Biocultural values of groundwater dependent ecosystems in Kona, Hawaii
Gibson, Veronica L., Leah L. Bremer, Kimberly M. Burnett, Nicole Keaka Lui, and Celia M. Smith
Ecology and Society 27(3):18, https://doi.org/10.5751/ES-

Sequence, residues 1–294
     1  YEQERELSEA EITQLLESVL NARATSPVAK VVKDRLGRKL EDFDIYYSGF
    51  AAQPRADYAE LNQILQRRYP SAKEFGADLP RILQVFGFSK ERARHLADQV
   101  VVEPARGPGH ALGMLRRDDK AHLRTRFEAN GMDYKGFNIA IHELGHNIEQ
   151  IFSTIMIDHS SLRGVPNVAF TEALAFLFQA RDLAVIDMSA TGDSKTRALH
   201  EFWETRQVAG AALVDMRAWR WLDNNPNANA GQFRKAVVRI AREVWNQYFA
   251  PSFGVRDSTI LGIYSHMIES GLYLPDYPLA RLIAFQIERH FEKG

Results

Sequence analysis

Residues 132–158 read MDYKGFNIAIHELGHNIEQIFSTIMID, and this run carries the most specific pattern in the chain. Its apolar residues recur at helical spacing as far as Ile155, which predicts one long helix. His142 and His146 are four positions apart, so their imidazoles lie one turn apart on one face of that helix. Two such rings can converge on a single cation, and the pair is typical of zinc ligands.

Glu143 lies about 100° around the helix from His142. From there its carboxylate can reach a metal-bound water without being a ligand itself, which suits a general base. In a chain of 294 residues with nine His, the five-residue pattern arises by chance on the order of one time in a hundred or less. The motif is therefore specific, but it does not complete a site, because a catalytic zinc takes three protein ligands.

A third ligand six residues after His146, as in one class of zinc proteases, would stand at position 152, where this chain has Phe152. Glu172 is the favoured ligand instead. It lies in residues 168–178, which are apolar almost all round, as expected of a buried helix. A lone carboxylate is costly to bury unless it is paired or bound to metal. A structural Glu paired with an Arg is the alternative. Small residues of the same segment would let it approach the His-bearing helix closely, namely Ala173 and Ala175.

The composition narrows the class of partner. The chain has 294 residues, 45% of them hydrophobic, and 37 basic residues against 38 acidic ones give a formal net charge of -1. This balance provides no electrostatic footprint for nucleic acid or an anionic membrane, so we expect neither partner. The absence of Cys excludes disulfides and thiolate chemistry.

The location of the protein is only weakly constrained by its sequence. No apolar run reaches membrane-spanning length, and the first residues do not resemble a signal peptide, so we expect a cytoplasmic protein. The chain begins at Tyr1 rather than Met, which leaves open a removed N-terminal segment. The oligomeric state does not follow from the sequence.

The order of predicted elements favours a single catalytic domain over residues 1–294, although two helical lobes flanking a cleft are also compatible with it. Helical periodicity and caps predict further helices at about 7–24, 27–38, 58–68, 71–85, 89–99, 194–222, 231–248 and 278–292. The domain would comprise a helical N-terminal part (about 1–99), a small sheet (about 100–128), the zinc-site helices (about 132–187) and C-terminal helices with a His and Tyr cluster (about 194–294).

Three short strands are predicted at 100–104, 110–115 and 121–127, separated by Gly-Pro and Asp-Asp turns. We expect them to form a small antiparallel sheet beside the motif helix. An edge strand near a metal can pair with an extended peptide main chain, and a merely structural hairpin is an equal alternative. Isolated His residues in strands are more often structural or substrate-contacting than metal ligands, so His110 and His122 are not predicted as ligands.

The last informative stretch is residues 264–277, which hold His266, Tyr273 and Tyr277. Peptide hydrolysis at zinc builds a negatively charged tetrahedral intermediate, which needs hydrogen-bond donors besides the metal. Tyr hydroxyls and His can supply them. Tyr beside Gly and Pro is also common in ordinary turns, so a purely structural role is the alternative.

Groundwater dependent ecosystems (GDEs) are increasingly recognized as important conservation targets with linked ecological and social value. However, the social uses and values of GDEs have received relatively little research attention in the peerreviewed literature, precluding their greater inclusion in policy and management decisions. To help fill this gap, we provide a case study from Kona, Hawaiʻi, where multiple types of GDEs are abundant, to illustrate the diversity of social uses and values of GDEs. To explore these uses and values, we combined a literature review, archival analysis, and key-informant interviews with resource managers and lineal descendants connected to three prominent GDEs: Indigenous aquaculture systems, anchialine pools, and nearshore ecosystems. Interviews focused on current and historical uses and values of GDEs, contemporary management challenges and strategies, and desired visions for the future. Interviewees expressed a range of uses and values associated with GDEs, which we categorized using a Hawaiʻi-based cultural ecosystem service framework focused on social connections, physical and mental health, spirituality, and knowledge. Importantly, results suggest that the historical value of these systems directly informs current social value, and that restoration efforts are largely carried out through biocultural approaches, which emphasize the mutually reinforcing restoration of ecology and culture. We found that interviewees seek to restore ecosystem functions, cultural practice, and connection to place, and in some cases, local food production. Achieving these goals requires addressing multiple and interacting threats to these systems including invasive species, land-based sources of pollution, groundwater pumping, and climate change. Importantly, effective and equitable restoration also rests on recognition and amplification of Indigenous rights, knowledge, practice, and governance. These results provide important lessons for land and water management and policy in Hawaiʻi as well as other islands and coastal areas where GDEs have important linked social and ecological value.